Thirty Greenpeace got more than they bargained for when they attempted to crash an oil trading floor.

WHEN 35 Greenpeace protesters stormed the International Petroleum Exchange (IPE) yesterday they had planned the operation in great detail.
What they were not prepared for was the post-prandial aggression of oil traders who kicked and punched them back on to the pavement.



“We bit off more than we could chew. They were just Cockney barrow boy spivs. Total thugs,” one protester said, rubbing his bruised skull. “I’ve never seen anyone less amenable to listening to our point of view.”

Another said: “I took on a Texan Swat team at Esso last year and they were angels compared with this lot.” Behind him, on the balcony of the pub opposite the IPE, a bleary-eyed trader, pint in hand, yelled: “Sod off, Swampy.”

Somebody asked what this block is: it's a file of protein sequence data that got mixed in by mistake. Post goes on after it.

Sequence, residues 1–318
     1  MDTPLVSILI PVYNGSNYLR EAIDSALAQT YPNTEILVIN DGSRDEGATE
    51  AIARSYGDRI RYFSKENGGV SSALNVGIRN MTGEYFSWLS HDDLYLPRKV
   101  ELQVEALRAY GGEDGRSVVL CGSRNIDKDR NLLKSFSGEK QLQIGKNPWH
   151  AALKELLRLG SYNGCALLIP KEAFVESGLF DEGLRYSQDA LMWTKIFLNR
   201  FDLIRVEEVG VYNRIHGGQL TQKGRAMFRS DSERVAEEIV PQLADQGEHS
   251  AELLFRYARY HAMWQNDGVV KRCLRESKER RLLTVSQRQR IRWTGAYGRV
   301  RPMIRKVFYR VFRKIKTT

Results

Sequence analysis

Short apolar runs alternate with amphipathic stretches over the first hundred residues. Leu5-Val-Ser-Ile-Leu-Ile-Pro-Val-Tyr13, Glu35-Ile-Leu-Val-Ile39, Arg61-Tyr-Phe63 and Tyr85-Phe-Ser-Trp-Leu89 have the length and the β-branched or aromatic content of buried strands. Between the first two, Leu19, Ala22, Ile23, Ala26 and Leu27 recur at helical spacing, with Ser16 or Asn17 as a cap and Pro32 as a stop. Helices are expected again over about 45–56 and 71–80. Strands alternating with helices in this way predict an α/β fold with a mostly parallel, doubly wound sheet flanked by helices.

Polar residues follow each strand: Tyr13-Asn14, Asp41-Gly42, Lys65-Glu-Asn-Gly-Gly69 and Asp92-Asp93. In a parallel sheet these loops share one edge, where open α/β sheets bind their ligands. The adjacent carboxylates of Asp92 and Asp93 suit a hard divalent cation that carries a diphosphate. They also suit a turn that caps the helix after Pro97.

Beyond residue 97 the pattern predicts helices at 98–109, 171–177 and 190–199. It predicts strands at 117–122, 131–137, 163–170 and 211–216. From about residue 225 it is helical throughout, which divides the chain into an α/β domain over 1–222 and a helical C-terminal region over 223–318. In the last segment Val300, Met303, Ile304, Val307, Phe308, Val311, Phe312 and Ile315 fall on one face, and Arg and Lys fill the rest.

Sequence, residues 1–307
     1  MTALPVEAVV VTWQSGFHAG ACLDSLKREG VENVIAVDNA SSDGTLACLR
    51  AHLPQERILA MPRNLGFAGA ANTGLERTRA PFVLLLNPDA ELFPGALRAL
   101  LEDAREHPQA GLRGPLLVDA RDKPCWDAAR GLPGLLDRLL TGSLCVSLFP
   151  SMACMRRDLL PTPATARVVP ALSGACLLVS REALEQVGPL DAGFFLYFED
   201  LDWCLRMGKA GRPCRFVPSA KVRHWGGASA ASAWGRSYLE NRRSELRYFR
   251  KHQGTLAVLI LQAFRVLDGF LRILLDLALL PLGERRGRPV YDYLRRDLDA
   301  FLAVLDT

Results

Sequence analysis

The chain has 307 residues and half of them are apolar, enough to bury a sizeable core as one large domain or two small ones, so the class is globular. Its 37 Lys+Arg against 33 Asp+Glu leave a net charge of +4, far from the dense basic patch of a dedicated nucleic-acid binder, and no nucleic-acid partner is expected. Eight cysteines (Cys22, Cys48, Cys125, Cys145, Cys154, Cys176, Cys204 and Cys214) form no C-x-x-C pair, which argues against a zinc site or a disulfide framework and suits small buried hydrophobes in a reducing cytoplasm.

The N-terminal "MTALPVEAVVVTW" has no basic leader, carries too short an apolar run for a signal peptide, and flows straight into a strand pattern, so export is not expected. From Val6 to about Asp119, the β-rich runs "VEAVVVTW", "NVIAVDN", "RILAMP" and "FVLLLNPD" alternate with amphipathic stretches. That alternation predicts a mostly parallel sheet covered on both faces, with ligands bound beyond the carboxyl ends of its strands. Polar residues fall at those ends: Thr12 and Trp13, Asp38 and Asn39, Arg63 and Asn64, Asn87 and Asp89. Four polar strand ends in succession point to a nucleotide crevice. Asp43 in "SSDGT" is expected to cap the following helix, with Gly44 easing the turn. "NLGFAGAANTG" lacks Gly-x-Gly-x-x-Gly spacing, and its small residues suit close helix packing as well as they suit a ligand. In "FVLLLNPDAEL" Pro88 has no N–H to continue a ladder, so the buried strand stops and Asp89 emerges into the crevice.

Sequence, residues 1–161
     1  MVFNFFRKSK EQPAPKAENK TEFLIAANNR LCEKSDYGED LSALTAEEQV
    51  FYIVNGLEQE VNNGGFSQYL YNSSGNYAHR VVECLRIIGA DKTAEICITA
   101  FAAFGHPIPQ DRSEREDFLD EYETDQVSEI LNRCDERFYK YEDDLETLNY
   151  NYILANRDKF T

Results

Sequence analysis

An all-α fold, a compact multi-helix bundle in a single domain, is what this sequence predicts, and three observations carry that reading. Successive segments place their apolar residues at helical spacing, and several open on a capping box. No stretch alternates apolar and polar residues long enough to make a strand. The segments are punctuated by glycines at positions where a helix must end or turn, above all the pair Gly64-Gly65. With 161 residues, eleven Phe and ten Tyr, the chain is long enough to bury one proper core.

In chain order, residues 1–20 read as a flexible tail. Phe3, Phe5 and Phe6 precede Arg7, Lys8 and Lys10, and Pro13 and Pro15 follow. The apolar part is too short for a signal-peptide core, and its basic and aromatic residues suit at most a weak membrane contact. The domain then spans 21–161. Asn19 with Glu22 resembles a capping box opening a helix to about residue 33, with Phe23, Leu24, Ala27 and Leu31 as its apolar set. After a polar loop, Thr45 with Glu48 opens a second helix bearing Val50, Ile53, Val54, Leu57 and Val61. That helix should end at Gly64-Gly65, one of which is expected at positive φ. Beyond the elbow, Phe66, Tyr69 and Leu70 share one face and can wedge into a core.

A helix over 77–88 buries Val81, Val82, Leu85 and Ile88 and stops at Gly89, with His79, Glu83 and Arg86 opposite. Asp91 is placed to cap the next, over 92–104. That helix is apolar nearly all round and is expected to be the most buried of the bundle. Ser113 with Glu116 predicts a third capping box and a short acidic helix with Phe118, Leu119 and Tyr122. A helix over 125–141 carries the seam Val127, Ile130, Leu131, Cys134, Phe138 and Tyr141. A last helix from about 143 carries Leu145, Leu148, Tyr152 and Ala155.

The protesters got what they deserved. Protest is an impoertant part of democracy. The protestors would have earned a more sympathetic ear if they kept their protest out on the sidewalks, there is no excuse for crashing the trading floor itself. The gate crashers got exactly what they deserved, and congradulations to the traders who cleaned the floor of smelly swill.

China emerges as global consumer

China emerges as global consumer

With a booming economy and 1.3bn people, it is now the world's largest consumer of grain, meat, coal and steel, said the Earth Policy Institute.

But China's insatiable demands are putting ever more pressure on the country's natural resources.

Air and water pollution are already serious problems, and there is talk of a looming ecological crisis.